This reaction was also performed in pure water in order to determine the importance of the potential hydrolysis reaction, which was assumed to take place based on the earlier results reported above.
Flask1: 0.2390 g (0.94 mmol) of Na2EDTDAA in 2 ml of D2O. The solution was degassed by 5 f-p-t cycles and 0.0671 g (0.472 mmol) CuBr was added over the frozen solution. The flask was closed, evacuated and back-filled with nitrogen several times. After warming up the flask, a clear solution was slowly formed.
Flask2: 4 ml of MAA (4.06 g, 0.047 mol) and 2 ml of D2O. The emulsion was degassed by 5 f-p-t cycles. The emulsion in flask 2 was added to the first one. Slowly, a heterogeneous white mixture was formed (most probably, due to the insolubility of MAA in pure water rather than due to precipitation of the complex). The reaction flask immersed in a thermostated oil bath at 75° C. and 250 μl of MePEGBiB was added. The results are given below.
The kinetic results are also presented in
3F. ATRP of MAA from a Water Soluble Macroinitiaor Using CuBr/Na2EDTDA as the Catalyst (nvt-maa13)
This reaction was performed in order to compare the results with the previous ones, and also—to determine molecular weights of the obtained polymers by NMR (after washing the polymer with THF in order to remove any unreacted macroinitiator potentially present in the system), as well as to analyze them by GPC after conversion to polyMMA. In addition a simpler experimental setup was used this time.
The ligand was dissolved in the mixture of solvents and the monomer and the formed solution was degassed by 5 fpt cycles. CuBr was then added to the frozen mixture, and the flask was closed and filled with nitrogen. A clear colorless solution was formed. The flask was immersed in the oil bath and the system immediately became heterogeneous. The macroinitiator was then injected. Samples were taken to follow the reaction kinetics; part of each sample was neutralized with anhydrous Na2CO3 in deuterated water, and another part was kept for conversion of the polymer to polyMMA (after reaction with trimethylsilyldiazomethane) for GPC analysis against known standards.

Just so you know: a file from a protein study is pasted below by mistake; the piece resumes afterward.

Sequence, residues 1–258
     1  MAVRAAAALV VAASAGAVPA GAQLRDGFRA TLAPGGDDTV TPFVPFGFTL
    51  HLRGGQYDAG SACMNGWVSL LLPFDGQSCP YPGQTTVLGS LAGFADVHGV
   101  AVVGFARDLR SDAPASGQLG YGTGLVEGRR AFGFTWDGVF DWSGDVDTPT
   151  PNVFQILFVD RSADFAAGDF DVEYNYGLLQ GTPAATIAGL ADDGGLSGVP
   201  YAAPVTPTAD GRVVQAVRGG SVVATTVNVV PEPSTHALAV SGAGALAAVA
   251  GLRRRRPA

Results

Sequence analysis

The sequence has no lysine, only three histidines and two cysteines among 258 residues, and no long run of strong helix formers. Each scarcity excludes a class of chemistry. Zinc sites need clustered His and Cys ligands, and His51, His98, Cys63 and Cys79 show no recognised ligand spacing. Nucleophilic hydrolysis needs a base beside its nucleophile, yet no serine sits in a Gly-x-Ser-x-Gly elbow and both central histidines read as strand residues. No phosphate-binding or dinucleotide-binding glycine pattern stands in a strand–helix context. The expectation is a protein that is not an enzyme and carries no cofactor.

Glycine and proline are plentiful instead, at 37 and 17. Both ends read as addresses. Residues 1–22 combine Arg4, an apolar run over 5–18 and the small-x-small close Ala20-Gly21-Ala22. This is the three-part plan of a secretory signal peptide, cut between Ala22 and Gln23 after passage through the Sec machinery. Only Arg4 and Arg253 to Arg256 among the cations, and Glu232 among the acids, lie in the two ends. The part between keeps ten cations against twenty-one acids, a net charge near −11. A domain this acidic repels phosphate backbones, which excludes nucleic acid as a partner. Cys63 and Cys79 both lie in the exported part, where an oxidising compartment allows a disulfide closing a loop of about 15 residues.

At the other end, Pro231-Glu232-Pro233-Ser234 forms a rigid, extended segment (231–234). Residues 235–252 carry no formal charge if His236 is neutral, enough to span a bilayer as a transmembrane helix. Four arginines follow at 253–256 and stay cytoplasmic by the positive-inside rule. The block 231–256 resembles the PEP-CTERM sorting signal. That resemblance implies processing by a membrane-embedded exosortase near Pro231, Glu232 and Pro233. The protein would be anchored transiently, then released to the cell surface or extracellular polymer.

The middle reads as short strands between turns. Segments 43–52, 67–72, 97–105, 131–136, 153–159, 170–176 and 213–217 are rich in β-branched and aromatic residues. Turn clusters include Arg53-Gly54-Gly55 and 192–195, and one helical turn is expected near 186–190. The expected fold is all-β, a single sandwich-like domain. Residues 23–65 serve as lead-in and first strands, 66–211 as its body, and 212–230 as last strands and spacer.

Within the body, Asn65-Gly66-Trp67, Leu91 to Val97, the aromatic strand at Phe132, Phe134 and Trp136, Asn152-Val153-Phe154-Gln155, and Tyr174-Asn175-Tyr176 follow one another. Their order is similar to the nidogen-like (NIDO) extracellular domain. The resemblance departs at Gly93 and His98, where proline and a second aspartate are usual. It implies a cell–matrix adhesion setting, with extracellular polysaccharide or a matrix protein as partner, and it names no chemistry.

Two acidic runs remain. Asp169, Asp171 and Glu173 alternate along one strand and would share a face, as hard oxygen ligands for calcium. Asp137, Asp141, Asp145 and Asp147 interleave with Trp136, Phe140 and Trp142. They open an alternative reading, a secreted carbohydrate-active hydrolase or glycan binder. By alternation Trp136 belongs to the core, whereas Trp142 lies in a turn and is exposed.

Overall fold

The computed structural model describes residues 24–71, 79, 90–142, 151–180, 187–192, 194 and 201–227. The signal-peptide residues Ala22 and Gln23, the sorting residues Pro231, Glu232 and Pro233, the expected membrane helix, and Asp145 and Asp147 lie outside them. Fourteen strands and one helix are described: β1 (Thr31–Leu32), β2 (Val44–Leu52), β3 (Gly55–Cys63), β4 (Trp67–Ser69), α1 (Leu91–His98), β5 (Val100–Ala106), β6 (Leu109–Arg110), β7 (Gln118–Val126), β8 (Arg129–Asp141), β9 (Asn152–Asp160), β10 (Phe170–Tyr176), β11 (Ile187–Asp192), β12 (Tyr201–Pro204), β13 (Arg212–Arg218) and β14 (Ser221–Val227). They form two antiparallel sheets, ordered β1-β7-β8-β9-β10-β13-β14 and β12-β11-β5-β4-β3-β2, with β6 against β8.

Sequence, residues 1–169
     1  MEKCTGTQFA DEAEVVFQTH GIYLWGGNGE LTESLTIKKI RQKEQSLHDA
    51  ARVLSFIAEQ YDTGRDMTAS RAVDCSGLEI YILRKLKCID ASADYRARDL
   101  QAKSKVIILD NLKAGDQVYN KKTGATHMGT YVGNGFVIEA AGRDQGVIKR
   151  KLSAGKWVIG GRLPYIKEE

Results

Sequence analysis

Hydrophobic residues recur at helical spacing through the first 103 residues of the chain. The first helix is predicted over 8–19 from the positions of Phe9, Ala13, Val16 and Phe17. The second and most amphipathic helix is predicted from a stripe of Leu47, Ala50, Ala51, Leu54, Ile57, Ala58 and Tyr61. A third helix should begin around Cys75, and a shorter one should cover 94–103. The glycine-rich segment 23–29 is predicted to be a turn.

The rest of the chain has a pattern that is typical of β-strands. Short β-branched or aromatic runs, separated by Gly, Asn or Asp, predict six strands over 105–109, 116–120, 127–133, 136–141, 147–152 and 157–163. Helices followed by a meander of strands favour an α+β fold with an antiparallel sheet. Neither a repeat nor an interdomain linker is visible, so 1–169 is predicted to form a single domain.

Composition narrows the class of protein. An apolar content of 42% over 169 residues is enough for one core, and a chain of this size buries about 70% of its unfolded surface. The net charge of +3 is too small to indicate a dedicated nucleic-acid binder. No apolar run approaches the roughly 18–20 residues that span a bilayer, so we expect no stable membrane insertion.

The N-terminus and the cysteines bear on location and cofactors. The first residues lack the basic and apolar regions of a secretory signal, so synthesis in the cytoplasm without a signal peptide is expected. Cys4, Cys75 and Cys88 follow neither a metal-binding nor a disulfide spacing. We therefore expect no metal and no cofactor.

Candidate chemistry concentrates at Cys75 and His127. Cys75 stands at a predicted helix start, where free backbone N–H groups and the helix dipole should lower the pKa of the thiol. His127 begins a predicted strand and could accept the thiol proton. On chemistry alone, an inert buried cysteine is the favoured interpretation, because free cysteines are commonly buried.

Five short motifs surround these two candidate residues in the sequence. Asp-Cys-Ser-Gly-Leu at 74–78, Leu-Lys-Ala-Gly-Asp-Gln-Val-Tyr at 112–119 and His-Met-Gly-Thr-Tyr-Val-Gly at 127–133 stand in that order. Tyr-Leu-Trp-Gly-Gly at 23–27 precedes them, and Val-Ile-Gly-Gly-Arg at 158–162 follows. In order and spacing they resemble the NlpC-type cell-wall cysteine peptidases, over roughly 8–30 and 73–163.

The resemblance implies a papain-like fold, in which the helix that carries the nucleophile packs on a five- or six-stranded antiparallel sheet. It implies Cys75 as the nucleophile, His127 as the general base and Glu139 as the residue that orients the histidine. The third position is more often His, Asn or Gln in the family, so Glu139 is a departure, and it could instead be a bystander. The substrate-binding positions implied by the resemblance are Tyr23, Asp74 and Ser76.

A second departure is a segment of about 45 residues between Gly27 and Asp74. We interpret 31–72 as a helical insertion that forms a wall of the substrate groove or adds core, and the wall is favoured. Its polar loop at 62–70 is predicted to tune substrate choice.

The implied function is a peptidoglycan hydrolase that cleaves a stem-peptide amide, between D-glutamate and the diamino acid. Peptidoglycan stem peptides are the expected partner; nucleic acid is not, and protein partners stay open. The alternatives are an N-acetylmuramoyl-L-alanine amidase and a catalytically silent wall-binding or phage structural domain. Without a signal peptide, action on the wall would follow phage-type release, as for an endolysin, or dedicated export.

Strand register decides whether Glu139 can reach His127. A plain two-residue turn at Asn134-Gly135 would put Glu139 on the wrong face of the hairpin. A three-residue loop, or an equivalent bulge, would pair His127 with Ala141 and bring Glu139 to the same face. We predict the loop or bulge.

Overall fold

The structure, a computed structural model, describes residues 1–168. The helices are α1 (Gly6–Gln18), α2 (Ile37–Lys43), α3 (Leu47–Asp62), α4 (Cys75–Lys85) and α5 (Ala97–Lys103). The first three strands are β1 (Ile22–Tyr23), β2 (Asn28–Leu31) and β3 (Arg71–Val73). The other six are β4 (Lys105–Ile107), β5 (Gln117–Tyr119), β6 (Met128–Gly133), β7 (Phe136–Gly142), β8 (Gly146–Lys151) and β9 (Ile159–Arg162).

Conversion was determined by NMR. The neutralized samples were dried in a vacuum oven, washed 5-6 times with THF to remove any trace unreacted initiator then redissolved in deuterated water. The deree of polymerization (DP) was determined by NMR using the signals of the methylene protons from PEO as an internal standard. The polyMAA samples were converted to the methyl ester by reaction with TMSCH2N2 in methanol-THF. The results are summarized in Table 5.
An increase of DP with conversion was observed, which in addition to the linear semilogarithmic kinetic plot (
4A. ATRP of MAA in Aqueous Media (Water-Methanol=3: 1) Using Cu(I)/bpy as the Catalyst (2:1 to Initiator) (nvt-maa9).
It is usually assumed that Cu/bpy complex cannot be used as the catalyst for the ATRP of acidic monomers due to protonation. It was important however to prove this, and show the utility of sulfur-oxygen-based ligands for the purpose. The reaction was performed using high concentration of the catalyst (as in the experiment maa8a). If no polymerization is observed even at these conditions, the concept that the active complex is destroyed in acidic media could be proved.
Flask1: 0.2935 g (1.88 mmol) of bpy in 3 ml of D2O. The solution was degassed by 5 f-p-t cycles and 0.1348 g (0.944 mmol) CuBr was added over the frozen solution. The flask was closed, evacuated and back-filled with nitrogen several times. After warming up the flask, a heterogeneous dark brown mixture was formed.
Flask2: 4 ml of MAA (4.06 g, 0.047 mol) was dissolved in 1 ml of MeOH-d4. The solution was degassed by 5 f-p-t cycles.
The solution in flask 2 was added to the first one. A homogeneous solution was formed (i.e., the catalyst completely dissolved). However, no change in color was observed. The reaction flask immersed in a thermostated oil bath at 75° C. and 250 μl of MePEGBiB was added. Again, no color change could be seen. The results are presented in Table 6.
The results presented above clearly show that indeed Cu/bpy complexes cannot be used as the ATRP catalysts for acidic monomers and prove the importance of the S, O-based ligands. The kinetic results of this experiment and the similar nvt-maa8a (same concentrations of reagents, but different catalyst) are compared in
4B. ATRP of MAA Using CuBr/bpy as the Catalyst (nvt-maa14)
The reaction was performed using CuBr/bpy as the catalyst in order to comapre the results with the ones from the previous experiment 3F.(nvt-maa13)
Bpy was dissolved in the mixture of solvents and the monomer. All other procedures were done as in 3F (nvt-maa13). The conversion reached about 5% in 2 hours and than the catalyst was completely deactivated and the reaction stopped. The kinetic results, along with those from experiment 3F are presented in